When Megan and I set off across the country, we had a little list of things we wanted to see and a rough guess of where we’d be staying each night. We had a tight timeline, but we were pretty determined to still see some crazy awesome things because America is big and there’s a lot to see and driving across the country is a pretty big fucking deal.
I’ve always wanted to drive part of Route 66, or at least see some of the strange and kitschy things along the route, and our route, from Richmond to Palm Springs, had us on I-40, which parallels Route 66 for a long, long while. And so, we managed to throw in some Route 66 sightseeing, all of which was totally serendipitous, which is usually how some of the best adventures are had.
So we were somewhere between here and Texas and we finally realized that we were driving right next to Route 66, and I was all, where the shit is that place with the cars in the ground where you can spray paint them and shit? And then we google it – fuck yes, google – and learned that the Cadillac Ranch, that place with the cadillacs painted and stuck in the dirt, is in Amarillo, Texas, a place we’d be driving right through and so we went. After getting Whataburger, of course, because hamburgers.
It was a quick stop. We maybe spent 20 minutes there and some of that time was spent cursing at Megan’s dog Chance, who insisted on pissing on each and every cadillac. We didn’t have any spray paint, so we didn’t leave our mark on the cars, but it was really fucking cool, nonetheless. It’s such a weird site, these cars stuck ass-end in the middle of this desert field in Texas.
I woke up early in Oklahoma City. I should have gone for a run, but instead I started googling the top sites to see along Route 66 and the Wigwam Motel came up. It was on all the lists. There used to be seven of them or some shit, but now there’s only two and, like fate, one of them was along our route, in Holbrook, Arizona.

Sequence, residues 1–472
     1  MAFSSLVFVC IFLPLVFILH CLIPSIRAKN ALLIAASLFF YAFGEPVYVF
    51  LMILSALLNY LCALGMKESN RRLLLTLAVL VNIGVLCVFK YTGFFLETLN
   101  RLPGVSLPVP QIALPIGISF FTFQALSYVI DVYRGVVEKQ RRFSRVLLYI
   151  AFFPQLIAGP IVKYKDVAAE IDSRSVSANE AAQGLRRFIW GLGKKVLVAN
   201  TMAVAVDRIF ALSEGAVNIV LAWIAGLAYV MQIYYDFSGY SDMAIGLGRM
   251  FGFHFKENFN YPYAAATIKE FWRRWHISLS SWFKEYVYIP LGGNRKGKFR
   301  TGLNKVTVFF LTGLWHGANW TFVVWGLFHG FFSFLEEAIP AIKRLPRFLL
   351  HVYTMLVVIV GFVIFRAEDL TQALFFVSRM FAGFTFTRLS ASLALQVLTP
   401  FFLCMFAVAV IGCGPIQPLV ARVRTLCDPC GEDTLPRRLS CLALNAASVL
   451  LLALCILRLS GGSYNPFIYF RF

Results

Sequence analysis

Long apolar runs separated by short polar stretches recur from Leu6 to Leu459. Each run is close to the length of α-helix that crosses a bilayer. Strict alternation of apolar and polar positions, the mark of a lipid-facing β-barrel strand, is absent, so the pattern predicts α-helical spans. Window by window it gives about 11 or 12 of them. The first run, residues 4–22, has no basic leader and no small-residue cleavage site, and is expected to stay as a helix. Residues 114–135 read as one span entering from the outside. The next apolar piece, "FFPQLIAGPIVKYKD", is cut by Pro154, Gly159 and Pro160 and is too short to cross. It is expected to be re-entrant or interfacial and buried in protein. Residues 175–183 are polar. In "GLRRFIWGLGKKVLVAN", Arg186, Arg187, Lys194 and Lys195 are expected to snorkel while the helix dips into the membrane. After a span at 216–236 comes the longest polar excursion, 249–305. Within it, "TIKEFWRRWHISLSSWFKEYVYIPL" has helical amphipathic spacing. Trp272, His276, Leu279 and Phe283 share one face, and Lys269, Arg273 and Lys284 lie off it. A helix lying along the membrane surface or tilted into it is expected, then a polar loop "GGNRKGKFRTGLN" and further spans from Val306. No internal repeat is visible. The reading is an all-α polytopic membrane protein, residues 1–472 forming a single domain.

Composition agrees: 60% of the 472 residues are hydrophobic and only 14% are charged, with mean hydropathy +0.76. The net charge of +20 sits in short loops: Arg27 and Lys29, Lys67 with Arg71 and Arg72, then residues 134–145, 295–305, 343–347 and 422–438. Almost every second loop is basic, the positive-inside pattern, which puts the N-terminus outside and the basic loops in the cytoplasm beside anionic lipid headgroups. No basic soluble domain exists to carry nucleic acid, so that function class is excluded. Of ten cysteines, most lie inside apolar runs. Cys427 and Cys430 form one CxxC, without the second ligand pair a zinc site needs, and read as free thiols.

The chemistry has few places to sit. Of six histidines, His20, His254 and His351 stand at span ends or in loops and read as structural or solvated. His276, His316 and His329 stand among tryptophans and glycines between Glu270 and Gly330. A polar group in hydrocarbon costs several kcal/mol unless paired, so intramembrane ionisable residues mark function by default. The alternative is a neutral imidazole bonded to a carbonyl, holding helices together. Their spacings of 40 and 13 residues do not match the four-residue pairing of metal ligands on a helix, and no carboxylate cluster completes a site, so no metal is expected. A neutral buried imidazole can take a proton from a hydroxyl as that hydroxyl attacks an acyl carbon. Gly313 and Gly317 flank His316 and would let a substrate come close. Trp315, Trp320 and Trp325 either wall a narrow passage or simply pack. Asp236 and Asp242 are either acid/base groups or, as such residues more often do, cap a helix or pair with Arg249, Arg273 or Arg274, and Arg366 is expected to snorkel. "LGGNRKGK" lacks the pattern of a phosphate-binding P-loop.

You’ve got to call to make a reservation at the Wigman Motel and the office opens at 4pm, so we didn’t know until we were a few hours out if we could stay there, or, really, if the place was even still open, but, me driving and Megan calling, we found ourselves a room, a cheap room, at that, and dog friendly too.
This place is classic Route 66. We felt like we could go to sleep there, in our wigwam, with classic cars parked in front of each and every wigwam (this place inspired the Cars movie), and wake up in 1967. The whole town has this feel of nostalgia, of times gone and it holds a certain sort of magic that I’ll never forget. It was here, in Holbrook, at the Wigwam Motel, that we started drafting our movie script, something like Hot Tub Time Machine, except different and probably better because ROUTE 66, Y’ALL!
We drove around the next morning, just through this little town, and it’s all Route 66 kitsch. It’s rock shops and steakhouses with giant carriages on the roof and it’s magic, mostly, this little town along this forgotten route.
We went to a Mexican place for dinner the night we were in Holbrook, since the diner across the street from it was closed. We had two beers each, got a little high off the altitude and a day spent driving in from Oklahoma City, and we were loud and silly and probably totally annoying to the other customers in the place. This older gentleman, sitting across the restaurant from us, started up a conversation, asking us where we were from, where we were going, what jobs we had and the usual smalltalk. He gave us some tips for seeing the Grand Canyon, which we didn’t take, but should have, and then, just as he and his partner where about to leave, he comes over and says, if you’re going toward the Grand Canyon, about 30 miles away there’s a place calling Winslow, Arizona.
We were like, oh, ok, that sounds lovely.
And then he says, there’s this park where you can stand on a corner in Winslow, Arizona, and then, right in the middle of this little Mexican place, I started singing the Eagles song, “Take it Easy.” And really, by singing I mostly mean screaming because if you’ve ever heard me sing, my singing is pretty much synonymous with screaming,
Well, I’m a standing on a corner
in Winslow, Arizona
and such a fine sight to see
It’s a girl, my Lord, in a flatbed
Ford slowin’ down to take a look at me
We downloaded “Take it Easy” on the five minute drive back to the hotel and then sang it approximately 4,559 times over the remaining miles from there to Palm Springs. In fact, there was a whole multi-hour block of time when we were only listening to the Eagles, especially after we hand the chance to stand on a corner in Winslow, Arizona.
No shit – there’s even a flatbed Ford parked out in front of this Route 66 corner.
Someday I’d love to drive as much of Route 66 as still exists, because it’s fading fast. The towns used to live on the traffic the Route brought, but the interstate has replaced it, leaving it broken in a lot of places and leaving those little towns with not much else but broken down kitsch. It’s a neat thing, Route 66, and the towns along the way, even if they’re not what they used to be, they still have this almost eerie sort of nostalgic feel that made us both want to step back in time, if only for a bit, and experience Route 66 in all of it’s magical glory.